One Journalist Went Bad, The Other Became Good
DeVan Shumway, bureau chief in Sacramento for United Press International part of the time when I worked there in 1962-63, died at 77 on April 23. He provides a striking example why journalists, if they can avoid it, should seldom go to work as PR men, or flaks.
Shumway was a conservative, but serviceable bureau chief for UPI. Although he was no comparison to Morrie Landsberg or Bill Stall over at the Associated Press bureau across the hall in the state capitol, he still employed some good people, including George Skelton and Bob Fairbanks.
He was ambitious, and he eventually went to work first for a Nixon cabinet member and former California lieutenant governor, Bob Finch, and then at CREEP, the Nixon relection committee in 1972, the Watergate year. It fell to Shumway to deny the stories in the Washington Post and other news outlets about the crimes of Mr. Nixon and his unsavory associates.
When the Post reported the FBI had linked the Watergate burglary to political spying and sabotage by other CREEP employees, Shumway called the story "not only fiction, but a collection of absurdities" He reacted to a New York Times story that detailed the connections between the Watergate burglars and CREEP by terming it "outrageously false and preposterous." Both stories, as the Times short obituary noted, were eventually established as true.
Shumway died in obscurity in Baltimore. During his career with Nixon, be also engaged in the "non-denial, denial," in which he denied things off the record, which also turned out to be true. Nixon had some semi-honorable spokesmen, like Herb Klein and Sandy Quinn, but Shumway and Ron Zeigler were not among them.
It is, however, barely conceivable that Shumway did not know he was prevaricating when he made his Watergate denials, just as it is barely conceivable that Sam Zell did not know he was lying when he said he would invest in the papers of the Tribune Co., rather than sell or downsize them. But it is not even barely conceivable that Los Angeles Times editor Russ Stanton did not know he was prevaricating when he said recently that Los Angeles Times employee morale was high.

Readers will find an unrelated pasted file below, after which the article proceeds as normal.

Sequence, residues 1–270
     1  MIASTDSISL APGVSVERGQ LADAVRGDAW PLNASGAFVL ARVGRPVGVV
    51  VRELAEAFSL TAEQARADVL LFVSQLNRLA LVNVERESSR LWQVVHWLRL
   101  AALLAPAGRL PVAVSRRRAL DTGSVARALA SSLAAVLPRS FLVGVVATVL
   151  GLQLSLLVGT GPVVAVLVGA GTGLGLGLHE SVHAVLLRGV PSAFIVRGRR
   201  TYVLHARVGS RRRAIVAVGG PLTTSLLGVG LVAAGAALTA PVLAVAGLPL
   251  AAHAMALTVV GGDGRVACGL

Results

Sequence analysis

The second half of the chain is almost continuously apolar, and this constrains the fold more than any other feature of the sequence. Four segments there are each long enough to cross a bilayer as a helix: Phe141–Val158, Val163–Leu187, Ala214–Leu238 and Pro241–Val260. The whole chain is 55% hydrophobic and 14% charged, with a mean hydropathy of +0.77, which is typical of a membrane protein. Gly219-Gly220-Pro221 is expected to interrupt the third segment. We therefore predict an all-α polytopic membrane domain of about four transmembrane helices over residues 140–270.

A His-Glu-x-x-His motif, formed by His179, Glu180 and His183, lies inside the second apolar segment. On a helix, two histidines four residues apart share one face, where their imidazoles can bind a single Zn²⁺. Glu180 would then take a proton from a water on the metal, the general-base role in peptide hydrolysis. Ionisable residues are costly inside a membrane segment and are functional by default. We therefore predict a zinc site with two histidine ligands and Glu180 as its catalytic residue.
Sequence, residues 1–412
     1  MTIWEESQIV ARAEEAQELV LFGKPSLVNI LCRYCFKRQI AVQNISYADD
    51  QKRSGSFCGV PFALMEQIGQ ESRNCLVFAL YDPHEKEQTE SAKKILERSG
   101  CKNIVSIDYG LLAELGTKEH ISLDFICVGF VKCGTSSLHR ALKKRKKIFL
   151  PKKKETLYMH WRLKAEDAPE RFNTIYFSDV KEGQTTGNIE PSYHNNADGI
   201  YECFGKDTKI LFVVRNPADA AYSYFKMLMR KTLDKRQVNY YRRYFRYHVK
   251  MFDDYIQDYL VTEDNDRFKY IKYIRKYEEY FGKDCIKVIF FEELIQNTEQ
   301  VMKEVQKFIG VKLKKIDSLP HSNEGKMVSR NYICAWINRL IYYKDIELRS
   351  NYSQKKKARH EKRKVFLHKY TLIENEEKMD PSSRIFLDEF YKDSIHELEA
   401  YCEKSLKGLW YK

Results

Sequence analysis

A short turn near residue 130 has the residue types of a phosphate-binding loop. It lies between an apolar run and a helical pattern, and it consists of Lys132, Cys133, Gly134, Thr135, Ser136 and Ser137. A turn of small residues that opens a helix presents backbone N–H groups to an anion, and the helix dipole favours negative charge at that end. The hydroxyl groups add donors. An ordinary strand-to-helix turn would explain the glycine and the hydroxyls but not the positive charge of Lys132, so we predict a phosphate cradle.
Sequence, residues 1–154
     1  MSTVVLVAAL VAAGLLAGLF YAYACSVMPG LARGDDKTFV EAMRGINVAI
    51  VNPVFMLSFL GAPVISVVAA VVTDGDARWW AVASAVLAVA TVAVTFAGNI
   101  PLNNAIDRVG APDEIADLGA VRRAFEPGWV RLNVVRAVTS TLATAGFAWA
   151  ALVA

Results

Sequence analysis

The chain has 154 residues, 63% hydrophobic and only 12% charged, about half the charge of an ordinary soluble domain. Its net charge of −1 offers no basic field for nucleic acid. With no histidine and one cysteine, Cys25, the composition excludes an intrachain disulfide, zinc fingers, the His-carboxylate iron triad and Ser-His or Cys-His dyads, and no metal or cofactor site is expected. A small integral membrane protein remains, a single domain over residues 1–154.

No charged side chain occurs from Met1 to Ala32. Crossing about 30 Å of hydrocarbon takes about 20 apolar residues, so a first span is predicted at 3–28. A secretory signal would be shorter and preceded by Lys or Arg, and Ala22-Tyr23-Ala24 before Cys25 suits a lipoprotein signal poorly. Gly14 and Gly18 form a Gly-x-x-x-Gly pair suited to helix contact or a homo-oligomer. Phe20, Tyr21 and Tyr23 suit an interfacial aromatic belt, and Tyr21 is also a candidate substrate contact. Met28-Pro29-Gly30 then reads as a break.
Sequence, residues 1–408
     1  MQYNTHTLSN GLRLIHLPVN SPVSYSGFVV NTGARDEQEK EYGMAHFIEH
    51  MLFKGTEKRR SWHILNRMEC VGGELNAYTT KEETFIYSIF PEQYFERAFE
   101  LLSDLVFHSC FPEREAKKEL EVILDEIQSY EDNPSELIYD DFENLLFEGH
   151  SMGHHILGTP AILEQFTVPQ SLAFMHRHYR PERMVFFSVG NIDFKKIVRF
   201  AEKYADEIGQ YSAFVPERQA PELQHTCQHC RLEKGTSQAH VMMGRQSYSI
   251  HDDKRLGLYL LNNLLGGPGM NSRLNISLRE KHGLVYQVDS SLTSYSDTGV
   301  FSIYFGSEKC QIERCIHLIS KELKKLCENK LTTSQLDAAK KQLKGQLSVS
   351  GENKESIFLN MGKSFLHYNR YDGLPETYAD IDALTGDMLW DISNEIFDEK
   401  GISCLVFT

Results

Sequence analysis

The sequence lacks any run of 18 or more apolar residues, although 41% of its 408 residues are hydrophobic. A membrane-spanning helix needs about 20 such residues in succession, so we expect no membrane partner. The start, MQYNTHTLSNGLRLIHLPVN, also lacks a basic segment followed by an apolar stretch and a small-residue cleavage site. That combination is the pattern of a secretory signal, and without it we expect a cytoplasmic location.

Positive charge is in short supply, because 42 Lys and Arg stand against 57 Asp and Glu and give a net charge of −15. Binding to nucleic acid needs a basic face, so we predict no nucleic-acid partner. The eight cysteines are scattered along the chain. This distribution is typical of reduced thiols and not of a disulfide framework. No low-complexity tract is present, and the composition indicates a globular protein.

The same day, the Times published the Shumway obituary, it also ran a paid obituary for the paper's longtime letters editor, Bob Jensen, who died April 27 at the age of 82.
Jensen was one of the distinguished group of writers and editors that the late Tony Day assembled around the editorial pages of the L.A. Times in the 1970s and 1980s, and he was a thoroughly outstanding editor, with whom I had a great many pleasant exchanges and dealings.
As a young Army lieutenant during World War II, Jensen was enraged by indignities he saw heaped on America's Negro soldiers, but he lived so long as to be able to see the presidential candidacy of Sen. Barack Obama.
After the war, Jensen finished his education, and embarked on a journalistic career which took him to the Associated Press in New York and to the Washington Post and Buffalo Evening News in Washington, D.C. He also served (but not dishonorably) as press secretary to Sen. Hubert Humphrey for several years, before joining the Los Angeles Times in 1971, where he became the letters editor until he retired in 1987.
During these years, the Times was at its height in circulation under Otis Chandler and Tom Johnson, and letters came in by the thousands. Jensen could always be found going through the stacks of letters for those he would publish. Day nearly never interfered with his judgment.
He had an excellent sense of humor about some of these letters. After all, President Truman had once said that he believed that "half the nuts in the world could be found within a 100-mile radius of Los Angeles," an assertion a Times editorial suggested that the newspaper would not rush to challenge, and of which Jensen saw daily proof.
Jensen, in short, was the commensurate professional, everything that Shumway, Zeigler, Zell and Stanton were or are. Of course, in those days, you could be a professional and not get fired for it, as Tribune Co. lackey David Hiller later did with the courageous Dean Baquet.